sedona red rocks crossing

Macleans is running a series called Letters to America.  Submitted by prominent black Canadians each unique and beautifully written letter makes you think about why Black Lives Matter.  

Esi Edugyan the author of the bestseller Washington Black reminds us of what an important role the abolitionist movement in Great Britain had on ending slavery in the United States.  People an ocean away cared about Black people in America.

Rinaldo Walcott a University of Toronto professor says that in Ontario a Black person is 20 times more likely to die in an encounter with police officers than a white person. Canadians are too willing to abdicate responsibility for safety in our communities to the police. Better housing, health care and transportation are things that will truly make a difference. 

Andray Domise a Macleans contributing editor and historian tells us Canadians like to pat themselves on the back because they were the final stop on the Underground Railroad but we need to remember that in the 1950s and 1960s when Black Americans were trying to leave the United States and its segregationist Jim Crow laws they were turned away at the border by Canadian authorities or deported back to America if they somehow made it across the 49th parallel. 

Lawrence Hill the author of the widely acclaimed Book of Negroes lays a lot of the blame for racism in America on Donald Trump and his devotees.  Speaking through the voice of his father Hill says Trump and his enablers must be voted out of every political office in the United States. Trump has no respect for Black folks, Muslims, refugees or women. He wants to turn America into a dictatorship and he and his supporters have perverted everything good people should hold sacred.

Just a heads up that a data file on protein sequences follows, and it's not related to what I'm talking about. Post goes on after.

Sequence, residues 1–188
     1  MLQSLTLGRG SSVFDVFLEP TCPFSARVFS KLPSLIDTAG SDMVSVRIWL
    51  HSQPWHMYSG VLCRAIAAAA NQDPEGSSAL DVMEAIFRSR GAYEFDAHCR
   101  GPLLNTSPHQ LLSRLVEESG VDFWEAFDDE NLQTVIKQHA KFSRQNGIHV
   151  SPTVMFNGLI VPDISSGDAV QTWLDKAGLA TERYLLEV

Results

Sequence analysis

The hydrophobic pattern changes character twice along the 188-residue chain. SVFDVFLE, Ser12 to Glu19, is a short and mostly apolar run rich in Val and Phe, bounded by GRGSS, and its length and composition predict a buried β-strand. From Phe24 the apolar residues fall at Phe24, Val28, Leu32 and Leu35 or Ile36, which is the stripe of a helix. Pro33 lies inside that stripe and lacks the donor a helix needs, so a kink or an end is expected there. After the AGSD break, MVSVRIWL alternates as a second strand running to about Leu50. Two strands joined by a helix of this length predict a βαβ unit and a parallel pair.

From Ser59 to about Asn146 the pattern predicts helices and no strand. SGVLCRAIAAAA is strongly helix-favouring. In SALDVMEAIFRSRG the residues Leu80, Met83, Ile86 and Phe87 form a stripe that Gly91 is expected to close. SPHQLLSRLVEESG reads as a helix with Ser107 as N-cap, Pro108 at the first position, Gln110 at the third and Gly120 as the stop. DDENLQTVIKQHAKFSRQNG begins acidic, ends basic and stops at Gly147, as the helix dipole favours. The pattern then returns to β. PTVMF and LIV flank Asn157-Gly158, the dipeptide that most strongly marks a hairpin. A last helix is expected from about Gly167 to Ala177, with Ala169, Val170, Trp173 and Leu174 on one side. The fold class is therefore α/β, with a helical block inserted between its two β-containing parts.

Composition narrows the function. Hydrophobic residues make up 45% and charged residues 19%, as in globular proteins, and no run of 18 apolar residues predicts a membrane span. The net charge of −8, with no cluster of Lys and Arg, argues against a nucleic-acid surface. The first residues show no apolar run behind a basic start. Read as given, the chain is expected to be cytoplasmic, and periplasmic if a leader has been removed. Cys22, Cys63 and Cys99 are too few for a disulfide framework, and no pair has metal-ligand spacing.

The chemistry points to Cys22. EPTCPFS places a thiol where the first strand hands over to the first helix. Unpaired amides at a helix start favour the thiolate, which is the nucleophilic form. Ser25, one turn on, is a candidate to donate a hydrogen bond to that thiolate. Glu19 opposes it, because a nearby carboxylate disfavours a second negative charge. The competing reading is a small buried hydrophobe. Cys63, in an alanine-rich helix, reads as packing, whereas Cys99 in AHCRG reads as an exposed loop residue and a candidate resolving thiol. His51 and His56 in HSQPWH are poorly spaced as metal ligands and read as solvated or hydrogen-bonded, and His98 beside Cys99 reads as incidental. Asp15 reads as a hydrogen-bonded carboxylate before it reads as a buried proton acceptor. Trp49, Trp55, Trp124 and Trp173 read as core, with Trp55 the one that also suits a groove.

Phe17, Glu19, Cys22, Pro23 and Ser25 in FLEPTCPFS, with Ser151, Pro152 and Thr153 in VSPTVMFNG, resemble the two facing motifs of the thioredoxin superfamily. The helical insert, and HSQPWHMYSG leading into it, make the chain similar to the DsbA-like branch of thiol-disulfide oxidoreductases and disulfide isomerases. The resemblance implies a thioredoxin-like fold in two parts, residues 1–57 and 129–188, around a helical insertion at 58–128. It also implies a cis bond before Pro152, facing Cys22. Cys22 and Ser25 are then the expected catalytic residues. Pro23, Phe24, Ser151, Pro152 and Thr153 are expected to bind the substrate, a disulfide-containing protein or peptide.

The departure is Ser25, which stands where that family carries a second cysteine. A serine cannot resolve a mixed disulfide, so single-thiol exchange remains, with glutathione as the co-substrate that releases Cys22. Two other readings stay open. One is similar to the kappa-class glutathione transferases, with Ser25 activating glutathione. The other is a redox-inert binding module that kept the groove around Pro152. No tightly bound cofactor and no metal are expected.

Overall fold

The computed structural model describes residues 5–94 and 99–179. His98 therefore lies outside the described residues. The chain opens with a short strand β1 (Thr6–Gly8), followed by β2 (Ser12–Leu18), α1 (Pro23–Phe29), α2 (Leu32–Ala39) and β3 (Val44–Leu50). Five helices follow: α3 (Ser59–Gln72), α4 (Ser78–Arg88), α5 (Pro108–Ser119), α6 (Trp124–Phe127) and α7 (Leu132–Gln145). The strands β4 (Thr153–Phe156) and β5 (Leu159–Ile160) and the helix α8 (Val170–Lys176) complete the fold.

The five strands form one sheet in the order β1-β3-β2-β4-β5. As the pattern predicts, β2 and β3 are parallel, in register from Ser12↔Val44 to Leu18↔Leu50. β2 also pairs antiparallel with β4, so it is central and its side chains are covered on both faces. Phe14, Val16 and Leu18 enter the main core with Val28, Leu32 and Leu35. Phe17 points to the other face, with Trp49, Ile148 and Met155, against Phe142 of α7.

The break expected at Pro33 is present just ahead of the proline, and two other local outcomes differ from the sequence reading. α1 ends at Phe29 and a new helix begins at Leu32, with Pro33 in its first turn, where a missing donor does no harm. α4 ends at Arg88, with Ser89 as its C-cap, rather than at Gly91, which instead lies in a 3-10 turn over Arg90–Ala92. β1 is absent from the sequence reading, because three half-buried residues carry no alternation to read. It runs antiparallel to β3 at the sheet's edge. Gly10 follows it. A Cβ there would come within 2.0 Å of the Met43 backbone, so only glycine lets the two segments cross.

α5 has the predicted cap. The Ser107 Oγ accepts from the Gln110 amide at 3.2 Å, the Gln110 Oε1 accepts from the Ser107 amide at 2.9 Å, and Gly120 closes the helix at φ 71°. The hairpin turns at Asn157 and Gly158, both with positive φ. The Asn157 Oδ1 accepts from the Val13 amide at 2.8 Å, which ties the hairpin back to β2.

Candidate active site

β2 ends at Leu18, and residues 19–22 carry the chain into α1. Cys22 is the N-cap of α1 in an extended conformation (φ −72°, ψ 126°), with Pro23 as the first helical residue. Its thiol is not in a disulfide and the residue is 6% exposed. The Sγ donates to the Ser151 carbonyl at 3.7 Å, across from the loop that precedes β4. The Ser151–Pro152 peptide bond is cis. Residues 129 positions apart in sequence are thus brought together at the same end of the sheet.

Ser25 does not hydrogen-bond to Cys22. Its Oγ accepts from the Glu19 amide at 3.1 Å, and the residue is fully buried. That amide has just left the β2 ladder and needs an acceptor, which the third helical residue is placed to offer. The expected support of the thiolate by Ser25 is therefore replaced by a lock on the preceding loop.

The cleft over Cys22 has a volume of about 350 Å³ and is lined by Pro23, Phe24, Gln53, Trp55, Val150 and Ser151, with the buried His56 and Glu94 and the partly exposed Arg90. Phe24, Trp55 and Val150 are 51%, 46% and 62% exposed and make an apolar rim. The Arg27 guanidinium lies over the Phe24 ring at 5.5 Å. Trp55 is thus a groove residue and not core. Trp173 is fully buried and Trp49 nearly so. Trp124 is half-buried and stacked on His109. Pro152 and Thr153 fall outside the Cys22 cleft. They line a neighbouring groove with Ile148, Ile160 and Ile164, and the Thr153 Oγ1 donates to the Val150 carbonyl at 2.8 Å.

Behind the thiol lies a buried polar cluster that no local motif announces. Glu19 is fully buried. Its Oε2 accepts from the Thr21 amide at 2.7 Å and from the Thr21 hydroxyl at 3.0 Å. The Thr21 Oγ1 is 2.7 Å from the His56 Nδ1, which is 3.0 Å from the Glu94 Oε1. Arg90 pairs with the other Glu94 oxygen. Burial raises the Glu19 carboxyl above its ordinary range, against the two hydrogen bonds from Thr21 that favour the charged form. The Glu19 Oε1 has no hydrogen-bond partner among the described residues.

There are other great letters in the series. Read them for an interesting and varied Canadian perspective on the Black Lives Matter movement. 

Other posts………….

The Color Purple- God in Every Living Thing

A Strange Book But One Worth Reading

Inspiration on a Walk in Sedona

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Filed under Arizona, History, Nature, Politics

Dave Goes Birding in Winnipeg

We think our camera may have been stolen while we were posing for this photo with friends

Some of you may remember reading about how our camera disappeared after a guided wildflower hike in Arizona earlier this year. Recently my husband Dave bought a new camera and he’s been trying it out and honing his birding skills at the same time.

Dave photographing birds in Costa Rica

In recent years Dave has enjoyed photographing birds and animals on our holiday trips but when he is home in Winnipeg he is way too busy with work, sports, volunteer and social commitments to go hunting birds with his camera.  That fact that many of those activities have been cancelled because of COVID-19 has given him the opportunity to take pictures of birds in his home city.  I have been along a few times on his photo forays and it is great to observe his interest in his new hobby.

Here are a few of his Winnipeg birding photos.

Diving duck 

Red-Winged Blackbird

Baby goslings feeding


On Thursday night we went on a birding walk with our friends in a forested area of St. Boniface and Fran who is a birder with decades of experience heard an indigo bunting. Dave managed to get a pretty good picture of the indigo bunting before it flitted away. Dave has also been going birding with his friend Les.  Les is an excellent artist.  The other day he and Dave spotted a blue jay. Dave wasn’t able to capture it with his camera so Les recorded the sighting with his artwork.